US military officers debate US war against China. It’s timing: “maybe as early as 2026 or 2024.”
While the German frigate Bayern is preparing to set off for its Asia-Pacific tour, high-ranking US military officials are intensifying their discussion on the type and time of a possible large-scale war against China. Retired Admiral James Stavridis, former NATO Supreme Allied Commander Europe and author of a newly published novel on such a war, assumed until recently that the battle could begin in the coming decade and could possibly be triggered by a conflict over Taiwan or islands in the South and East China seas. However, the military balance of power between the USA and China is rapidly shifting in favor of the People’s Republic, which in some areas has already caught up, for example in the number of warships or in cyber warfare, Stavridis notes. He warns that “the battle” between Washington and Beijing “may come much sooner. US allies play a central role and the USA is deliberately involving them in “more aggressive” operations, for example, in the South China Sea. Germany is among the allies he mentioned.
An Experienced Strategist
In his current public appearances, James G. Stavridis explicitly warns of a big war between the Unites States and China. Stavridis, a highly decorated retired admiral, had commanded US warships also in the Mediterranean and the Persian Gulf. From 2002 to 2004, Stavridis commanded the Enterprise Carrier Strike Group, which at the time, conducted combat operations in the war on Iraq. From the summer of 2009 to May 2013, he served as commander of the U.S. European Command and as Supreme Allied Commander Europe (SACEUR). The subsequent five years, he served as Dean of the Fletcher School of Law and Diplomacy at the prestigious Tufts University near Boston (in the US state of Massachusetts). Stavridis, who likes to emphasize that he spent a significant part of his US Navy career in the Asia Pacific seas, has also become known as an author of numerous books on military strategy, including widely reviewed works. In his latest book, in the form of a novel, he explores a possible US Chinese war.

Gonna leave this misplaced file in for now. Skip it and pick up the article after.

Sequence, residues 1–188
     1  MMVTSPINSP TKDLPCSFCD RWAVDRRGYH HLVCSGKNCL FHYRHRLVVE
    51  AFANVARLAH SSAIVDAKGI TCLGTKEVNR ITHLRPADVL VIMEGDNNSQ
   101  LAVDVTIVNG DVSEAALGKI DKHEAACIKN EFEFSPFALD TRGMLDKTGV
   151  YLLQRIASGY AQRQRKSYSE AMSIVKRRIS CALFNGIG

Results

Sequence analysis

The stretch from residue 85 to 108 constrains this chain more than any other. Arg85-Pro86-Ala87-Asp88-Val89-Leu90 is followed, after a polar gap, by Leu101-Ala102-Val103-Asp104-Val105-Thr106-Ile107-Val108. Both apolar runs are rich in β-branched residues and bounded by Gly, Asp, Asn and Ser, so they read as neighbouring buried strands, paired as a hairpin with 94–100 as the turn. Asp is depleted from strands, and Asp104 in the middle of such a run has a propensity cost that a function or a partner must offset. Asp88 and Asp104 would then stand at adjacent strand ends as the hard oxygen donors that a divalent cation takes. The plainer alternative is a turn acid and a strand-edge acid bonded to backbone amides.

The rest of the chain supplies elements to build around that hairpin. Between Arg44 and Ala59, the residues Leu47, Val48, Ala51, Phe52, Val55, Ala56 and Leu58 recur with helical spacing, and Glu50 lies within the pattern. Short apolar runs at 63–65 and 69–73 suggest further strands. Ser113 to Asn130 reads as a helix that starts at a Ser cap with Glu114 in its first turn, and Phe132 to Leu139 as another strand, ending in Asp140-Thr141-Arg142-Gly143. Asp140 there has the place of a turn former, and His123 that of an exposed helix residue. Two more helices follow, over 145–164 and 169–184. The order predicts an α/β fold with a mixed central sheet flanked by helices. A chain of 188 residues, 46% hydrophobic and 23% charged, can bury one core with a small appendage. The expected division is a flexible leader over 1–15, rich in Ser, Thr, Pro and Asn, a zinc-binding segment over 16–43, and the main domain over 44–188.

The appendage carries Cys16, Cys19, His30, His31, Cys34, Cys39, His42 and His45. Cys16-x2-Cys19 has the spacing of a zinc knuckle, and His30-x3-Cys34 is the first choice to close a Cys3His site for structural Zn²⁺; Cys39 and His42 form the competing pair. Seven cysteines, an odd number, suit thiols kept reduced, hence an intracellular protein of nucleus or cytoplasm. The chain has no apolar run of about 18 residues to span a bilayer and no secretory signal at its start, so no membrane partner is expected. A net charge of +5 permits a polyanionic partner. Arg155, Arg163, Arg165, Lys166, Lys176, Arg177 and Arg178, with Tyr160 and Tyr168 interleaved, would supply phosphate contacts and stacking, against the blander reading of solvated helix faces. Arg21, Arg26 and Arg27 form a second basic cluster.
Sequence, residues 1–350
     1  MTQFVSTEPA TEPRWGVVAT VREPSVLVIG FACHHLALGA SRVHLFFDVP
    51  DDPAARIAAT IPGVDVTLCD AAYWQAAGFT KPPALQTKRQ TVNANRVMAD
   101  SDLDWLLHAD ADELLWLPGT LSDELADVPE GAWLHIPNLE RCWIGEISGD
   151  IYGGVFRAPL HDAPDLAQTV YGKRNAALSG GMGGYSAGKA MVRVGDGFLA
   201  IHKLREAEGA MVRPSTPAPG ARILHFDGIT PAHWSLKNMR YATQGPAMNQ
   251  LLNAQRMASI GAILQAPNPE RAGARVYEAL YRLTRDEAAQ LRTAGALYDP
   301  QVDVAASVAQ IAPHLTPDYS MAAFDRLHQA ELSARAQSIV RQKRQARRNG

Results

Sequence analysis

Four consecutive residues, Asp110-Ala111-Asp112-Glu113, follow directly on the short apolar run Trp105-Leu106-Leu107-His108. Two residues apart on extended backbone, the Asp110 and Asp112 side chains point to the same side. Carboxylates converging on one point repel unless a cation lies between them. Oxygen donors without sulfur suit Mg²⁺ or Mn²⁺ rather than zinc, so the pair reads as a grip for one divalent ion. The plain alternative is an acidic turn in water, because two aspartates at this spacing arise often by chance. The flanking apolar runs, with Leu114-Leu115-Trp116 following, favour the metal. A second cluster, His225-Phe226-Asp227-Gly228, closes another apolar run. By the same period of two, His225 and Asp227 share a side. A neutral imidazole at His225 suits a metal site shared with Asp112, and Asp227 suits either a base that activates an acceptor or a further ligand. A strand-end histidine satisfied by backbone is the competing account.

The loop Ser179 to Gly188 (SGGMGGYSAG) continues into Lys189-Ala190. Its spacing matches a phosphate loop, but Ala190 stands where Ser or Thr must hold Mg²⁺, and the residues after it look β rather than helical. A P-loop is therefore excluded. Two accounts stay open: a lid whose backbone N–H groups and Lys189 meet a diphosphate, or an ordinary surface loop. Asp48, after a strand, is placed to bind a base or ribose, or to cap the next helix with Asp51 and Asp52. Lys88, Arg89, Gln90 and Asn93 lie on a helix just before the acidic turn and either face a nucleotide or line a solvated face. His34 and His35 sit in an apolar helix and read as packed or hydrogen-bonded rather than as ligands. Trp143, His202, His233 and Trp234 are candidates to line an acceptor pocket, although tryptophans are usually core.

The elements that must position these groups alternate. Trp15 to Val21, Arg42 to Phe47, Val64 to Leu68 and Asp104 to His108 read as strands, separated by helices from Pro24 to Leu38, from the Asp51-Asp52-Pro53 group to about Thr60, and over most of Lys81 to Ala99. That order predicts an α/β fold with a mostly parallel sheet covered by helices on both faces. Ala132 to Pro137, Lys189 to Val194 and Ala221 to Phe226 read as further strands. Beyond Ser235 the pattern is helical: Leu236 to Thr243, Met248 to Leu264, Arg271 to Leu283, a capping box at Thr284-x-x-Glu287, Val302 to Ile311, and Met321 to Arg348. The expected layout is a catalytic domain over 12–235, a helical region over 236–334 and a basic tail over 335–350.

The Military Balance of Power
In recent interviews and articles, Stavridis has repeatedly emphasized two factors that are central in this context: the development of the military balance of power between the United States and China as well as the importance of US alliance systems. According to Stavridis, the People’s Republic is rapidly catching up and, in some areas, has already surpassed the United States. The Chinese Navy, for example, has already more warships (around 350) than the US Navy (around 300) and is “pumping out new warships on a near-weekly basis.” Of course, one must take into account, that US ships are ton-for-ton larger, endowed with better offensive and defensive systems, and manned by far more experienced crews, the US admiral notes. China is also making rapid progress in gearing up for cyber and space warfare. Of course, in a potential conflict near Taiwan, in the South and East Chinese seas, China enjoys a great advantage geographically, because the US armed forces have to operate far away from their home territory, the US admiral concedes. Additionally, with its bases on islands throughout the South China Sea Beijing has created “unsinkable aircraft carriers,” which somewhat balance the US bases in Japan, South Korea and Guam.
The Importance of Alliances